Preserving fish through canning
With proper food handling techniques, canned fish can be enjoyed year round.
Canning fish offers advantages over freezing as it can be stored at room temperatures for long periods. In addition, any bones remaining in the flesh become softened especially if you use one and one-half teaspoons of vinegar in each canning jar.
One mistake that many make when canning fish is to use canning jars larger than 1 pint. This is very dangerous, as enough heat does not build up during the canning process to allow the destruction of Clostridium botulinum spores, which can lead to botulism poisoning. Thus, it is extremely important to use only 1 pint jars or smaller during the canning process. Before canning your fish, the jars must be thoroughly cleaned but it is not necessary to sterilize them.
The fish should be cleaned and washed thoroughly before canning. It takes about 25 to 35 pounds of whole fresh fish to fill about a dozen pint jars with boneless fish. The fish should be cut into desired size pieces so that they will easily fit into the canning jar. It is recommended to lightly brine (1 cup of salt per gallon of cold water for 15 minutes) the fish before packing into the canning jars as it firms the flesh to produce a more desirable product. Drain the brined fish and fill the pint jars leaving 1-inch headspace. Once fish is packed into the jars, wipe the jar rims and adjust the lids. Depending on your taste, tomato juice or other mixtures can be added to the fish before the canning process.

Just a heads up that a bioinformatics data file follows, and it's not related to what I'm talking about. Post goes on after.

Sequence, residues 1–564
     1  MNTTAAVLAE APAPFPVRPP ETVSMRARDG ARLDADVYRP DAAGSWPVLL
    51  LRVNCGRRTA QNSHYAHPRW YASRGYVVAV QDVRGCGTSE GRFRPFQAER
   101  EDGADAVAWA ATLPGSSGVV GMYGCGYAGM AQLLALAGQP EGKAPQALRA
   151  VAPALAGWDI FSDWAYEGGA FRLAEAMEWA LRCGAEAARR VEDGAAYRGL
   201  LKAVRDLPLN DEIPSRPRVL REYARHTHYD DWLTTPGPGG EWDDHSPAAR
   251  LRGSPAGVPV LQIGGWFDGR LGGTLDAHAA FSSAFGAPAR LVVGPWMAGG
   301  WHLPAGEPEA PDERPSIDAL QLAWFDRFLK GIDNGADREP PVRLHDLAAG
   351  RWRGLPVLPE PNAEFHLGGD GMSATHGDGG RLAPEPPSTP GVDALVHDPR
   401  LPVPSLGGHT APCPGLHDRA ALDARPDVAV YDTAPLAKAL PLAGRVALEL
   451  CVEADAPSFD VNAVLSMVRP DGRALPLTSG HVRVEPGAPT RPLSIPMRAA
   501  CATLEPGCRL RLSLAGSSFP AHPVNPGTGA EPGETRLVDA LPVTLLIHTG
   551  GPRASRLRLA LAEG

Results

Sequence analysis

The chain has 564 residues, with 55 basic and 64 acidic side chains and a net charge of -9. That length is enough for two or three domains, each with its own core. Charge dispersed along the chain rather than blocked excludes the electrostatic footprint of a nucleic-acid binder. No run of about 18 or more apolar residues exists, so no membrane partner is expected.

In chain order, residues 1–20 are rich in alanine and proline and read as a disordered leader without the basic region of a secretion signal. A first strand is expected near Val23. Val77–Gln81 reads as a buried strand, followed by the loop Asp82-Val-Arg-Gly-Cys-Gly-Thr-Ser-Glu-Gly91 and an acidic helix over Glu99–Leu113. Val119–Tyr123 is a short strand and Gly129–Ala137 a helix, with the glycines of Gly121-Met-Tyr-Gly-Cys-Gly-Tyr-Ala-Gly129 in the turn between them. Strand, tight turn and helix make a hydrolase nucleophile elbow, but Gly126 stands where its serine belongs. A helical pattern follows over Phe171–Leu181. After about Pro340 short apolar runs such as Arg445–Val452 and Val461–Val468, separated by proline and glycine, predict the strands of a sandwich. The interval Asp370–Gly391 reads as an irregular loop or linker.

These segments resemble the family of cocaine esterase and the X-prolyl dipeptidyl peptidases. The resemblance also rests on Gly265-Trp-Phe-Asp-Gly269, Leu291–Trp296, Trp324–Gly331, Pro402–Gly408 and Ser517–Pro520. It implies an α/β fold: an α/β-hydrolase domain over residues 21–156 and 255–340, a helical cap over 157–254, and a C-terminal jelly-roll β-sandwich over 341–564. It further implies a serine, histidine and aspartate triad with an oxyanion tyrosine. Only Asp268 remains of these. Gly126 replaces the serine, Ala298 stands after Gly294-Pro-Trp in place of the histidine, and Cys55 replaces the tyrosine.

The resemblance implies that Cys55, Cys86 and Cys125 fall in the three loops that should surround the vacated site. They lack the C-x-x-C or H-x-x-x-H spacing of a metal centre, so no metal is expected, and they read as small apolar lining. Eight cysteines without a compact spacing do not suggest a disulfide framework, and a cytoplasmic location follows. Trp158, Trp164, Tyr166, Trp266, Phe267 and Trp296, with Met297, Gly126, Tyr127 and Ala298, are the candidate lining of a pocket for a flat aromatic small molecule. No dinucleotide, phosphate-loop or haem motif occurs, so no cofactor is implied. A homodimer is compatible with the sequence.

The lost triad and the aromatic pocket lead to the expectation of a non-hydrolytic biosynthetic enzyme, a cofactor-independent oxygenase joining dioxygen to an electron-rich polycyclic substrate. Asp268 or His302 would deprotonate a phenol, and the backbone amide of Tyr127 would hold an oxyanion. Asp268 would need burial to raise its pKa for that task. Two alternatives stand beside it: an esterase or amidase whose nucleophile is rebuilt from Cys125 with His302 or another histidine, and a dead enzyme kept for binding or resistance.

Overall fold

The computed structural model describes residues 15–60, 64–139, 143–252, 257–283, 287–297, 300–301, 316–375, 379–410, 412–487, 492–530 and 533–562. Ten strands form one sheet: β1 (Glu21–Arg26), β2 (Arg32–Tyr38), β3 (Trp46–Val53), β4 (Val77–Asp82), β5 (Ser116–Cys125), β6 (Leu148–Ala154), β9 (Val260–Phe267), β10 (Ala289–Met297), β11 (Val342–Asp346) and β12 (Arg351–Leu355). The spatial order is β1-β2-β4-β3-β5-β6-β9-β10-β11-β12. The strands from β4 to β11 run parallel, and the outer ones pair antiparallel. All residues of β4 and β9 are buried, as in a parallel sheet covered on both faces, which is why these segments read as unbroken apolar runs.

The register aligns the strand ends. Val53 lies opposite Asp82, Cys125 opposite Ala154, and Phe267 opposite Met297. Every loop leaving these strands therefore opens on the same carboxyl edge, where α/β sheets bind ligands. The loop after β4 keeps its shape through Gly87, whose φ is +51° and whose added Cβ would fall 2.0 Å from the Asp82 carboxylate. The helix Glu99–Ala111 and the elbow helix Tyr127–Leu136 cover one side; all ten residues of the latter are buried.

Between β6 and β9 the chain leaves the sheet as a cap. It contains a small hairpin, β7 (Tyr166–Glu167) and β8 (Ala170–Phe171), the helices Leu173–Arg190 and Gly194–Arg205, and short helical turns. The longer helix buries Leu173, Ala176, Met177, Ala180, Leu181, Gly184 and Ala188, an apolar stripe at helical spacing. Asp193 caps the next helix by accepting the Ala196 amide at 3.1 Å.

The only way to safely process canned fish is in a pressure canner to prevent the risk of botulism food poisoning. The pressure canner must be in perfect order including the accuracy of the pressure gauge. The recommended process time for fish in a dial-gauge pressure canner using pint jars is 100 minutes at 11 pounds pressure for elevations from 0 to 2000 feet. If using a weighted gauge pressure canner, process for 100 minutes at 10 pounds pressure for elevations from 0 to 1000 feet. Always follow the manufacturer’s directions for the pressure canner you are using.
When the jars are cooled after canning check the lids to make sure they are depressed or concave and will not move when pressed to ensure they are properly sealed. If unsealed jars are found 24 or more hours after processing, you should dispose of the product, as it is not safe to eat.